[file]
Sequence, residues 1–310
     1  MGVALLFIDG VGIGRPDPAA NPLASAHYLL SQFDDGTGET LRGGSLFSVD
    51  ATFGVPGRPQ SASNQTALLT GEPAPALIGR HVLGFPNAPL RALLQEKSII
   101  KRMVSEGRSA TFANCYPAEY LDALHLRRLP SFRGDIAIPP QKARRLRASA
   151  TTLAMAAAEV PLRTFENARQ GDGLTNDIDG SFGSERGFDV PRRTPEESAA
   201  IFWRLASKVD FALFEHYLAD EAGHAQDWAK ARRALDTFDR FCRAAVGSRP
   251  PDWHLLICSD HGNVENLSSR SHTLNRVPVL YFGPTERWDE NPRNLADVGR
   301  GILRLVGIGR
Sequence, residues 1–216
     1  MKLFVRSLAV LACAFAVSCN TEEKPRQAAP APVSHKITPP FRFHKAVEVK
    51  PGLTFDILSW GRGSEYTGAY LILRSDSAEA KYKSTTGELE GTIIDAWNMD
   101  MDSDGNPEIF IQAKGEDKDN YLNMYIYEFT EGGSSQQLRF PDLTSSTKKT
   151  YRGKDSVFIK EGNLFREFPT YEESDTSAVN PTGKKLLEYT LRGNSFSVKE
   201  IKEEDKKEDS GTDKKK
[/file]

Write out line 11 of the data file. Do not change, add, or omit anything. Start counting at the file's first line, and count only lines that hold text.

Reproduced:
    51  PGLTFDILSW GRGSEYTGAY LILRSDSAEA KYKSTTGELE GTIIDAWNMD